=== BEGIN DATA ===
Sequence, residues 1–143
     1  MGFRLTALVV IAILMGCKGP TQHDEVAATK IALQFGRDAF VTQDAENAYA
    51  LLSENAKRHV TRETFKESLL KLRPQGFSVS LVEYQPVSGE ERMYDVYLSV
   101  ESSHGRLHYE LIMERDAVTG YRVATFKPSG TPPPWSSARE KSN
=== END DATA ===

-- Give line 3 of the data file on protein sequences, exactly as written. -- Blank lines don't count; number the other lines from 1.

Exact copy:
    51  LLSENAKRHV TRETFKESLL KLRPQGFSVS LVEYQPVSGE ERMYDVYLSV